Can elearning really work in remote communities?

Addressing the roadblocks to digital learning for more equitable training opportunities.

Education & Skills Training

Catalpa

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As learning opportunities exponentially increase for much of the world, we see education inequity deepen and the digital divide widen for those in remote, developing areas.

The challenges of delivering education and skills training in these communities are well documented. Yet lack of infrastructure, limited internet access, lower levels of basic education and digital literacy remain complex barriers to providing high-quality, sustainable learning opportunities.

Elearning has the potential to alleviate many of these challenges by significantly reducing the ongoing costs of in-person training and production of educational materials. So how can we adapt elearning delivery to make it more effective for remote contexts?

We’ve found that, with the right ingredients, it is possible to achieve meaningful education outcomes for people in these communities. The ingredients include:

  1. The right pedagogy
  2. The right tools and equipment
  3. The right mode of delivery
  4. The right support
  5. The right skills

The right pedagogy

Deep understanding of digital pedagogy is essential to making elearning work in complex, rapidly changing contexts.

Under the digital pedagogy umbrella, we’ve drilled down to a more specific digital approach - called microlearning - for the flexibility it offers to learners, trainers and content developers.

We use Catalpa’s mobile learning platform, Bero, to deliver microlearning content: short-but-focused lessons that can be completed anywhere, anytime. Keeping content succinct and practical makes it easier to understand and navigate for those with limited education or exposure to technology.

Designing courses with constructive alignment ensures training is practical and focused on outcomes. The best way to achieve this is with backwards design, identifying learning outcomes and building content, teaching resources and assessments from this point. We typically aim for one learning objective to be achieved in each lesson.

The right tools and equipment

Resourcing and maintaining equipment is expensive in any setting, and remote locations only further exacerbate this barrier.

Smartphones are now widely available and used globally, and many in remote communities have had some exposure to the technology whether they own one or not.

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The best technology is the one you already have, know how to use, and can afford - in most cases, this is increasingly the mobile phone.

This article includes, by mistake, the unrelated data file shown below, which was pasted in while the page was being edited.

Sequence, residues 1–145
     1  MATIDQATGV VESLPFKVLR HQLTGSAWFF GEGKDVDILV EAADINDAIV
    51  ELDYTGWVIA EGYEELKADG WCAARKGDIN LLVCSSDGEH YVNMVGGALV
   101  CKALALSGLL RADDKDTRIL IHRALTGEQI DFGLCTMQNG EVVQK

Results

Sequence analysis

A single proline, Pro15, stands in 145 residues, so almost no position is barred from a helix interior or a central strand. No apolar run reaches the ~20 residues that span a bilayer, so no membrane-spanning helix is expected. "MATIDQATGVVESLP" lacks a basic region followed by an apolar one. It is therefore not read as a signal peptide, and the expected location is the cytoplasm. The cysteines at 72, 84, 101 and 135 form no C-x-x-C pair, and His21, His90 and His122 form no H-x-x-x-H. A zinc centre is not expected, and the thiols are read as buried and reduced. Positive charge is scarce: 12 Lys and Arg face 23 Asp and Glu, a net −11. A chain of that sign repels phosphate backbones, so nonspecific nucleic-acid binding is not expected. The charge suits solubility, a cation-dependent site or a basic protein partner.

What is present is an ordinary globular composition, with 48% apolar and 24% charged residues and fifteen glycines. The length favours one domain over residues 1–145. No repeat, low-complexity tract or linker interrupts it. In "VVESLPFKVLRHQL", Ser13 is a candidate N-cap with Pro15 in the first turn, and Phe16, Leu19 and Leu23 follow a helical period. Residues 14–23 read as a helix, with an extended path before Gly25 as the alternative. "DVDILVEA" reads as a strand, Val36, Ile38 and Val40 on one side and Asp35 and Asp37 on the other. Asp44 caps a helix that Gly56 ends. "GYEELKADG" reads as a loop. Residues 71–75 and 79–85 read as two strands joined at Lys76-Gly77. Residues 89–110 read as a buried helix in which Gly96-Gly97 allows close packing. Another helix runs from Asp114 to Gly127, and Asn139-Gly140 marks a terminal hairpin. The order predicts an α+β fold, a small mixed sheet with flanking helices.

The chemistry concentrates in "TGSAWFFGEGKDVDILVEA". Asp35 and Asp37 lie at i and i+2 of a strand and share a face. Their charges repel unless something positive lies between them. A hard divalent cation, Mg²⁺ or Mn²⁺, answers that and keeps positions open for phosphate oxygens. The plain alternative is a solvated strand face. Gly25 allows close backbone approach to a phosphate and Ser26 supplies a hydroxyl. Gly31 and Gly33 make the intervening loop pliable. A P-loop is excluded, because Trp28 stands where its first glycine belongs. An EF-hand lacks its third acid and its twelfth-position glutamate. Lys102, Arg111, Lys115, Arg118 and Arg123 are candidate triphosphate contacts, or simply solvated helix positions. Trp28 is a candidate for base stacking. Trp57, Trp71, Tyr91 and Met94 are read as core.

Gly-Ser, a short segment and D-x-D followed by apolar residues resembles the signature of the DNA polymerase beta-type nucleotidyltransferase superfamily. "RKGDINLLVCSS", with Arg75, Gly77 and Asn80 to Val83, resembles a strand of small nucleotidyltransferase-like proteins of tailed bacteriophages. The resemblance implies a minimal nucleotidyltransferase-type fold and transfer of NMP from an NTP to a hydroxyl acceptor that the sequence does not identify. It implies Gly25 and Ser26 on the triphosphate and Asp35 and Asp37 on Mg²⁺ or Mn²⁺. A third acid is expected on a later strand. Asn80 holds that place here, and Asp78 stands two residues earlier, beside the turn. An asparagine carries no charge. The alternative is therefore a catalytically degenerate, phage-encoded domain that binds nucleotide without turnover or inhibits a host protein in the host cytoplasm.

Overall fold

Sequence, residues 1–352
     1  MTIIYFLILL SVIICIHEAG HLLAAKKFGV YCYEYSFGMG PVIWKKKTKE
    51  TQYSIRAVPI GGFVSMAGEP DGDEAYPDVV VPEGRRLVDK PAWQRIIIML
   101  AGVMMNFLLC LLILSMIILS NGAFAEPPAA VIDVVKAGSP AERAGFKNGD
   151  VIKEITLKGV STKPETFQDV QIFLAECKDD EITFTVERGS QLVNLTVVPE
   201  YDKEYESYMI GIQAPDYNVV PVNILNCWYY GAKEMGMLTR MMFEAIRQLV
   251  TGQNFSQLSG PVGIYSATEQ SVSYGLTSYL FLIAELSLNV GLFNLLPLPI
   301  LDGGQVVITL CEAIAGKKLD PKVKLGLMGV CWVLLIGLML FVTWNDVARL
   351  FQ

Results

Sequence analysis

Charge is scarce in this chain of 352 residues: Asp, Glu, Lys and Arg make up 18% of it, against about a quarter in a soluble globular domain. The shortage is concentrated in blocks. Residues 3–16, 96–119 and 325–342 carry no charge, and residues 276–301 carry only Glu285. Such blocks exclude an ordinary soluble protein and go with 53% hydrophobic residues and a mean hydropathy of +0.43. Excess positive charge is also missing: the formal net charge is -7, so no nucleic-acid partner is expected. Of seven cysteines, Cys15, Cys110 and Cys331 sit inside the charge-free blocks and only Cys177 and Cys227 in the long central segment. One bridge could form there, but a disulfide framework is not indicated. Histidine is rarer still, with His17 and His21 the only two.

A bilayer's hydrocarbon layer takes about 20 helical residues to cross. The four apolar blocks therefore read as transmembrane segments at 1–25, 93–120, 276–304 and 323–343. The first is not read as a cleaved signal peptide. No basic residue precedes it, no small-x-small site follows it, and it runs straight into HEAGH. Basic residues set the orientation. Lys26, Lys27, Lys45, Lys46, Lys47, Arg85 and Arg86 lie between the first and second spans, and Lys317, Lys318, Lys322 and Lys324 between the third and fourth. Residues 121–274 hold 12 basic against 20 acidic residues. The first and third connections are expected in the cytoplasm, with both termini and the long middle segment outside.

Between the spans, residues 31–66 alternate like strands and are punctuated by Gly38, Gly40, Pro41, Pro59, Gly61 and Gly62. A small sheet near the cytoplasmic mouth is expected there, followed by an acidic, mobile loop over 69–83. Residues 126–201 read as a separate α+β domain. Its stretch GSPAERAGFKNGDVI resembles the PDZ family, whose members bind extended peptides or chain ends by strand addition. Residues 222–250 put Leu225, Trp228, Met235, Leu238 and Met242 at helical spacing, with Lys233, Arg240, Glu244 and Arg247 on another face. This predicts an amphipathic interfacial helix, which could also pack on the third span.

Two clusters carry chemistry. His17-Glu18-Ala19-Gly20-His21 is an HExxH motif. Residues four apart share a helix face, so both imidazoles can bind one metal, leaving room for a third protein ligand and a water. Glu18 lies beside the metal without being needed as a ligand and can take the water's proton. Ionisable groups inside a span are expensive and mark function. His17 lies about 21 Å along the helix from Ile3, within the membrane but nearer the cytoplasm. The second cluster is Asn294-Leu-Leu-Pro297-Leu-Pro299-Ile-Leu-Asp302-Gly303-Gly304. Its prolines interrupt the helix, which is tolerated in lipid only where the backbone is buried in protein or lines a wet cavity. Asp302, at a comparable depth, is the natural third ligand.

Michael Trucano, World Bank

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As devices, smartphones are intuitive, easy-to-use (or learn to use), relatively low cost, and highly portable - all prerequisites for remote environments.

Of course, internet connectivity is an additional challenge, which is why we designed Bero to enable learning content to be downloaded and accessed offline. Soon, we’ll introduce a peer-to-peer networking feature that will allow app content and updates to be transferred from one phone to others without access to an internet connection.

The right mode of delivery

We’ve found elearning works best in remote communities when offered in conjunction with some face-to-face or virtual sessions (such as a collaborative workshop or video conference).

This blended learning approach acknowledges that not everything can be conveyed through a smartphone, and that peer and trainer interaction can solidify learning.

The right support

Providing adequate support is critical to ensuring learners have the confidence, motivation and skills to start and complete their learning. This could include mentors, coaches, tech training, and user support. Support can be provided through different modes including in-person, phone calls, chat platforms such as Whatsapp and video facilities such as Zoom.

Financial support may also be required as data costs can hinder learners’ progress. We’ve avoided this issue in Vanuatu by having Bero zero-rated through a mobile provider, meaning that it is free to access on any device, no data required when using this network. When this option isn’t available, we budget for data costs in our project plan.

The right skills

Co-designing with learners and local actors, such as teachers, sector specialists and government ministries, will uncover which skills exist and where foundational skills and literacies need to be built into the project.

For example, some learners may need a foundational course on digital literacy to use a smartphone, or perhaps a local training organisation needs to upskill to translate their face-to-face approach into a microlearning approach.

By engaging with stakeholders we can work together to prioritise which skills are most important and which are best delivered via blended learning.

Getting a clear understanding of what people want to know can help with developing suitable learning objectives and drive motivation. With this clear direction, focus can be directed toward meeting regional and global best practice in these skills.


Elearning in remote communities can achieve great outcomes but requires the right expertise and a highly collaborative, adaptive approach to truly understand the context, challenges and needs of learners.

By working closely with communities, local specialists, organisations and governments, technology can help make high quality, consistent education materials accessible to more people in a timely and cost effective way.

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